Slight increase in counterfeit banknotes in Germany
But fewer counterfeit €50 notes
In the first half of 2019, the Bundesbank recorded approximately 27,600 counterfeit euro banknotes with a nominal value of €1.6 million. The number of counterfeits rose by 2.5% compared with the second half of 2018.
“Statistically, this equates to around seven counterfeit banknotes for every 10,000 inhabitants per year”, said Johannes Beermann, member of the Bundesbank’s Executive Board.
The incidence of counterfeit €50 notes continued to decline. They account for 65% of counterfeit banknotes; down from around 72% in the second half of 2018.
“We expect the volume of counterfeits to fall in the second half of 2019 as the criminal investigation authorities have recently made significant headway in apprehending a number of international counterfeiting rings”, Mr Beermann continued.
The table below shows the distribution of counterfeits across the various denominations in the first half of 2019.
The first banknote series continued to account for just under half (47%) of the counterfeits.
Recognising counterfeit banknotes
Anyone can check banknotes themselves using the quick “feel, look, tilt” method. We recommend checking more than one security feature.
- Banknote paper has a special texture. It feels crisp and firm. It is often possible to identify simple counterfeits just by feeling the banknote. €5 and €10 banknotes account for just under 3% of counterfeits. Genuine €5 and €10 banknotes of the Europa series are coated to increase the lifespan of the notes and therefore feel smooth and firm. Raised print on the front of the banknotes can be identified by touch. Banknotes belonging to the Europa series show the letters “BCE ECB EЦБ EZB EKP EKT EKB BĊE EBC” (and “ESB” on denominations of €50 and above) across their left edge as well as a series of short lines on both edges.
- When any banknote is held against the light, the watermark appears as a silhouetted image in the unprinted area.
- On denominations of €20 and above belonging to the Europa series, the upper section of the hologram contains a transparent window showing a portrait of Europa’s face.
- The hologram images change when the banknote is tilted. Rainbow-coloured effects appear around the motifs.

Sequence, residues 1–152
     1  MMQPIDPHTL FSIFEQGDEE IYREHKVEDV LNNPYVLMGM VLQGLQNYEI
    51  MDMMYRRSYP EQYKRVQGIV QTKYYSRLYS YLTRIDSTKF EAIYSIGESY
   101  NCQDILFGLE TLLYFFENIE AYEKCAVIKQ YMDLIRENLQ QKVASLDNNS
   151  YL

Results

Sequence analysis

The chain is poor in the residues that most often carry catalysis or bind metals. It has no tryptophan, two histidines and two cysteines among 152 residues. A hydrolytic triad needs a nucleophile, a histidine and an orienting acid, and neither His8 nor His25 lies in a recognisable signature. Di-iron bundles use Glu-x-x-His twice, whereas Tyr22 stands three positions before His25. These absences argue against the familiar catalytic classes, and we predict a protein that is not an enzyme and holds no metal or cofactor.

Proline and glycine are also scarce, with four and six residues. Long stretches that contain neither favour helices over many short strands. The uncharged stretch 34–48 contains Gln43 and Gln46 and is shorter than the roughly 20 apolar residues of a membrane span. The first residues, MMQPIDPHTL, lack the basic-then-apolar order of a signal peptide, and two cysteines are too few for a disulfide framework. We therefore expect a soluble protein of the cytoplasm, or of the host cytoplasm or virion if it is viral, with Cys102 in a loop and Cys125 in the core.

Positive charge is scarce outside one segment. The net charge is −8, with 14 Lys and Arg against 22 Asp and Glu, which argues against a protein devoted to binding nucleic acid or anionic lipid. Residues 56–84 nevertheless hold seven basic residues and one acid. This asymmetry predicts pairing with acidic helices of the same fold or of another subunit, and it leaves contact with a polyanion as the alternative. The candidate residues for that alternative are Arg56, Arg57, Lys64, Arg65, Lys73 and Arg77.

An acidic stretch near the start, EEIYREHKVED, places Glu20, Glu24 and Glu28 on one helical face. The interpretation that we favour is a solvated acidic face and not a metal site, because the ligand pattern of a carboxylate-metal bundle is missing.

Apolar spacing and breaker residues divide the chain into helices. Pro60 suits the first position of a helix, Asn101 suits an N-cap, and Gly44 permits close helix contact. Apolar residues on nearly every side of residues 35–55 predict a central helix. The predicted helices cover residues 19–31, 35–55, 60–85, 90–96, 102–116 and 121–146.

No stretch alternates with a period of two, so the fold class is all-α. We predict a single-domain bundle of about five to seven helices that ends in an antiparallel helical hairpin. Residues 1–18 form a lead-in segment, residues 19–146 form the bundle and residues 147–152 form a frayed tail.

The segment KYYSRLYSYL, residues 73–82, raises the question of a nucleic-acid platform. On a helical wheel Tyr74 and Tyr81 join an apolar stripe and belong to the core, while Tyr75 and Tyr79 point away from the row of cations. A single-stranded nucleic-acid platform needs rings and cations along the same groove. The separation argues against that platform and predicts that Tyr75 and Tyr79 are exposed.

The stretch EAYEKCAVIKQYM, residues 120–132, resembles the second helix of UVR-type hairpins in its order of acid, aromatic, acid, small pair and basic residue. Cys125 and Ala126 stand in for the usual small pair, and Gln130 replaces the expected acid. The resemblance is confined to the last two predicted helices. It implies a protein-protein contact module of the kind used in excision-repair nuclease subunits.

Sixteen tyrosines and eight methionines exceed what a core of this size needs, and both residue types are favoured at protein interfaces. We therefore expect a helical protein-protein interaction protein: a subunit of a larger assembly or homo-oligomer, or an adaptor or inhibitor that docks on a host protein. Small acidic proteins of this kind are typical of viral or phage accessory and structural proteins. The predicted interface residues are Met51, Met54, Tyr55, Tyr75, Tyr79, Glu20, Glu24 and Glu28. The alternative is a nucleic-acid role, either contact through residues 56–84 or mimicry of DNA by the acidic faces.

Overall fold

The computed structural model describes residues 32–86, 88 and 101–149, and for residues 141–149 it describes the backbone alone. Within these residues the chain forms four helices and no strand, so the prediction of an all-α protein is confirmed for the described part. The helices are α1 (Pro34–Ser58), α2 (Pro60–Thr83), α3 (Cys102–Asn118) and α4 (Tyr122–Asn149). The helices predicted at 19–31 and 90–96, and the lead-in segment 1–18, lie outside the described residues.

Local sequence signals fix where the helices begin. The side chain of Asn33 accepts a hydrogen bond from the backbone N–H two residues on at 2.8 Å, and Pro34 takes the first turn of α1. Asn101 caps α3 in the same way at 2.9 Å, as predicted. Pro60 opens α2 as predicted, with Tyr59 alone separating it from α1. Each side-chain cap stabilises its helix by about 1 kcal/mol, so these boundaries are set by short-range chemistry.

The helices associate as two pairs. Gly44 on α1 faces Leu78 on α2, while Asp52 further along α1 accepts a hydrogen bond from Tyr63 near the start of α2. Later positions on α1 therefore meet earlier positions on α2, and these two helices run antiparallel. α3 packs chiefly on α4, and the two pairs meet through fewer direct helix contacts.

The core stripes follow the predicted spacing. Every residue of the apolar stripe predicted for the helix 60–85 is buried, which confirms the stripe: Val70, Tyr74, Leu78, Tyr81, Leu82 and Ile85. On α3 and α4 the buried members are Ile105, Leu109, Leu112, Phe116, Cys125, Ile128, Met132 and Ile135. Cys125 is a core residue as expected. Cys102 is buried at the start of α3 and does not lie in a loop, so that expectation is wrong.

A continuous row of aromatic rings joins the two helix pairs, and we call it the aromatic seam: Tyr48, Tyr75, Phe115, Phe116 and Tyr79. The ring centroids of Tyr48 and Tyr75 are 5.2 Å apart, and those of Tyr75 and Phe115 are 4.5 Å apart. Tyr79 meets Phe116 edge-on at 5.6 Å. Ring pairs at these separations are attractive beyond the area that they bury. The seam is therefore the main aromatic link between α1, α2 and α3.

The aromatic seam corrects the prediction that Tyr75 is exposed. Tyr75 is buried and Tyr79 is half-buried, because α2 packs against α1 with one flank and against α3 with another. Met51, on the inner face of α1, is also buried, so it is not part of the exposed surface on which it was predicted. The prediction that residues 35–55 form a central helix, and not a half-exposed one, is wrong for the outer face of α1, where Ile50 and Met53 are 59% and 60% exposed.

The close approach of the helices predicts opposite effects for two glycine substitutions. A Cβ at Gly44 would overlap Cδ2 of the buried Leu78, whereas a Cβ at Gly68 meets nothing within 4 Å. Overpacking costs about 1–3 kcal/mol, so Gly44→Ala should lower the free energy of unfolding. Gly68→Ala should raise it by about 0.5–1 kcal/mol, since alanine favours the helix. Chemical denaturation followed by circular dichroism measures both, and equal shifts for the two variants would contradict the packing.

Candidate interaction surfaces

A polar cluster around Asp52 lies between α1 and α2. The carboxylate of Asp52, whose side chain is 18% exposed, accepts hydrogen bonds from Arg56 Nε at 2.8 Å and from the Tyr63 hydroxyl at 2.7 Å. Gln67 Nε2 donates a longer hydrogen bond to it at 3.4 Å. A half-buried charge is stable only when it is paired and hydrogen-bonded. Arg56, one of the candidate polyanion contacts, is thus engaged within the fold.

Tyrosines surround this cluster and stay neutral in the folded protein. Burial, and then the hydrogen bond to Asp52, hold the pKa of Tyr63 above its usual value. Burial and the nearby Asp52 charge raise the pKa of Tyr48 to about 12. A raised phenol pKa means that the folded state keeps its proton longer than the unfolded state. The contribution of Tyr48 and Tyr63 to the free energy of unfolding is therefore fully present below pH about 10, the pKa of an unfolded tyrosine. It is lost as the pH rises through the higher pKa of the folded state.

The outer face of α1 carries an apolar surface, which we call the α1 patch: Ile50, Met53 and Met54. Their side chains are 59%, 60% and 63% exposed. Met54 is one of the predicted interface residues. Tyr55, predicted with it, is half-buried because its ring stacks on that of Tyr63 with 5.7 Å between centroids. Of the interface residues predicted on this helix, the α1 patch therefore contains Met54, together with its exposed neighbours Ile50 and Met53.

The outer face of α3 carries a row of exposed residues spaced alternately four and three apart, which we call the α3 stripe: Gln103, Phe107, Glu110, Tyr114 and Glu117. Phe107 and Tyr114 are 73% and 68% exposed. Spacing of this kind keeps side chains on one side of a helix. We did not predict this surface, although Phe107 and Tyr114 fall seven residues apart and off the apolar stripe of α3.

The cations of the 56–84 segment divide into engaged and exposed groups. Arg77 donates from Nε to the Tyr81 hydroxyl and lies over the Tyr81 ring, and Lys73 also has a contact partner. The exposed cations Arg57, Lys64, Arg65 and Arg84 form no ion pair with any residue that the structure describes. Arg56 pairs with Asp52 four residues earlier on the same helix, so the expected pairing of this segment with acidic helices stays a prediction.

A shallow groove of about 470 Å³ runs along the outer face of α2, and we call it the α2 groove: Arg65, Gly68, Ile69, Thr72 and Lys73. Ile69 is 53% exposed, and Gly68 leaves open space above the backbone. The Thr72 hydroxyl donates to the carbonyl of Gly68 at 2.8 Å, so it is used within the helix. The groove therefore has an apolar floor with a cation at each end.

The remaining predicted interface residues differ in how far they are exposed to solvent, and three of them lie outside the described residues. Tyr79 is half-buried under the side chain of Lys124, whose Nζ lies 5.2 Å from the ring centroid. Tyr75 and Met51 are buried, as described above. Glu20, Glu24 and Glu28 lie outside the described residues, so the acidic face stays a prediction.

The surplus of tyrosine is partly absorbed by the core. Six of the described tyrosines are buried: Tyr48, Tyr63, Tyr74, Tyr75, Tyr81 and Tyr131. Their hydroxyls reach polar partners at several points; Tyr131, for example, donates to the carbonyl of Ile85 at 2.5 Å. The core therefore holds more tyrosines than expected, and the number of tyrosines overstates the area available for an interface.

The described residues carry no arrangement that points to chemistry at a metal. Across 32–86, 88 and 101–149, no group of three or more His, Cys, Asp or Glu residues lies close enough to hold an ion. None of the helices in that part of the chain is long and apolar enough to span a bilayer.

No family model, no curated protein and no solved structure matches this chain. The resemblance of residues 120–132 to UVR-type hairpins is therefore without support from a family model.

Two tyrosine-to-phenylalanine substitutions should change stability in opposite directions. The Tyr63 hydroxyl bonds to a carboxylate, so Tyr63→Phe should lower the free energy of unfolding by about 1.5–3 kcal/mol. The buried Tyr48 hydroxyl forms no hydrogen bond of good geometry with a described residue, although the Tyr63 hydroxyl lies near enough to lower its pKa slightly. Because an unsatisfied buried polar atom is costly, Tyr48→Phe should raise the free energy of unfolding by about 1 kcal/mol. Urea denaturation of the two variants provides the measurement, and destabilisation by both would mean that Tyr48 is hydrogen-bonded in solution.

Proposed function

- An emerald number can also be seen on the bottom left-hand side on the front of the banknotes belonging to the Europa series. When the banknote is tilted, the emerald number changes colour and the effect of a light stripe moving up and down becomes visible.
When checking a suspect banknote, it is advisable to compare it with one that is known to be genuine as counterfeit money is not eligible for reimbursement.
Increase in the number of counterfeit coins
In the first half of 2019, approximately 19,800 counterfeit coins were detected in German payments, compared with around 16,100 counterfeit coins in the second half of 2018. Statistically, this equates to around five counterfeit coins per 10,000 inhabitants in Germany per year.
Counterfeits were identified only in the three highest denominations, and their incidence in the first six months of 2019 was as follows.
Checking coins for authenticity
The following pointers can make it easier to identify genuine coins.
- On genuine euro coins, the motif stands out clearly from the background of the coin. By contrast, the image on counterfeit coins often appears blurred, and the surface of the coins may be uneven.
- Counterfeits generally differ slightly in colour from genuine coins.
- The edge inscriptions of genuine €2 coins are sharp. Those on counterfeit coins are frequently incomplete or irregular.
- Genuine €1 and €2 coins are only slightly magnetic. They are attracted to magnets but can be removed again with very little effort. Counterfeit coins, on the other hand, are usually either non-magnetic or are strongly attracted to magnets.
Through its branch network, the Bundesbank provides training courses free of charge to the banking industry, retailers and any other interested parties. Participants are given typical counterfeits to test using the “feel, look and tilt” method. Contact details for the branches may be found on the Bundesbank's website.
In addition, information (in the form of brochures and posters) can be ordered from the Bundesbank free of charge. An interactive learning program entitled “Detecting counterfeits” (Falschgeld erkennen) can also be accessed online (German only).
Information on this subject is updated regularly on the Bundesbank's website, the European Central Bank's website, and on the German police force's website (German only).
To ensure that important information concerning people who pass counterfeits is not lost, the Bundesbank strongly advises you to immediately notify the police of counterfeit banknotes and coins and to hand these in to the police.